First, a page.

Housing Advocate Claims Sandy Recovery Grants Racially Biased

Black and Latino applicants for Sandy aid in New Jersey are more likely to be rejected for recovery grants than white applicants, according to data released Thursday by a New Jersey housing advocate. The rejection rate for whites who applied for New Jersey’s two main grants for homeowners affected by Sandy was 13 to 14 percent. For Latinos, it was slightly higher – 18 to 20 percent; African Americans had the highest rejection rates at 35 to 38 percent…"I would say, in terms of disaster response, it’s the worst time for governments to really try to get [its programs] right," said Karen O’Neill, a human ecology professor at Rutgers University who’s been following the Sandy response. "Because getting it right with disadvantaged communities is a problem any day of the week for any ongoing programs, [and] these are one-time programs."

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Rutgers Conference Questions What New Jersey Learned from Sandy

More extreme storms are likely, but what has state done to safeguard people and property? How well is New Jersey coping with the lessons taught by Hurricane Sandy — a superstorm that caused at least $30 billion in damage and took the lives of 34 people? That issue surfaced repeatedly yesterday at the inaugural conference held by the newly established Rutgers Climate Institute: "Bridging the Climate Divide: Informing the Response to Hurricane Sandy and Implications for Future Vulnerability…" "Might it happen again? Yes," said David Robinson, a professor in the university’s Department of Geography and New Jersey State Climatologist. He described Sandy as a bad example of how storms in future may only get worse.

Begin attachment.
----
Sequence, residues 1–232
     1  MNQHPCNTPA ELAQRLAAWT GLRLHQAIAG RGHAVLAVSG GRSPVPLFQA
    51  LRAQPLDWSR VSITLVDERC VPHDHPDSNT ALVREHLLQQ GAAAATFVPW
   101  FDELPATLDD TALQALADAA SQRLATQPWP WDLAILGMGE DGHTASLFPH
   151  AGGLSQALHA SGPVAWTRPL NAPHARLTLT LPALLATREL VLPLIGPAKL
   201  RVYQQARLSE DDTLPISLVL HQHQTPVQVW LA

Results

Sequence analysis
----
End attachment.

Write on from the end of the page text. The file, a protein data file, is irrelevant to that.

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Board of Public Utilities Hopes to Get Into Garbage in a Big Way

Each year in New Jersey more than 8 million tons of waste – yard litter, trash from residents, and livestock manure, among other debris – is thrown away in garbage dumps, burned in incinerators, or disposed of elsewhere…If tapped, those 5.4 million tons of waste could generate more than 1,124 megawatts of electricity – a larger amount than New Jersey’s highly touted solar program now generates, or the equivalent of approximately 311 million gallons of gasoline-equivalent fuel, a study by Rutgers University has suggested…In the Rutgers study, the state was urged to target resources to develop public-private partnerships to operate power and fuel plants in two to three years, according to Dave Specca, assistant director of the Rutgers EcoComplex in Bordentown.

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Revised FEMA Maps Cheered by Shore Residents, Criticized by Environmentalists

The outcry that greeted FEMA’s preliminary flood maps officially adopted by Gov. Chris Christie in the aftermath of Sandy began almost the moment they were introduced. Many residents would have to raise their homes and businesses several feet on pilings, or else pay dramatically higher flood insurance rates in the years to come, and they didn’t like what they saw…Given the absence of this data, FEMA opted to release maps based on what it acknowledged was an overly conservative, worst-case scenario. "I think there was a rush to get out some of the information that maybe wasn’t ready for primetime," says Richard Lathrop, a professor of environmental monitoring at Rutgers University.

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Can New Jersey Insure Against the Next Sandy?

The impact of climate change goes far beyond the obvious issues of public safety and disaster planning, participants stressed during a conference held yesterday at Rutgers University. New Jersey should be considering future costs, long-term health risks, and even social justice issues when considering how to deal with a warming climate, they said. The good news is that there are some creative ideas on how to deal with the varied effects of climate change, regardless of its cause.

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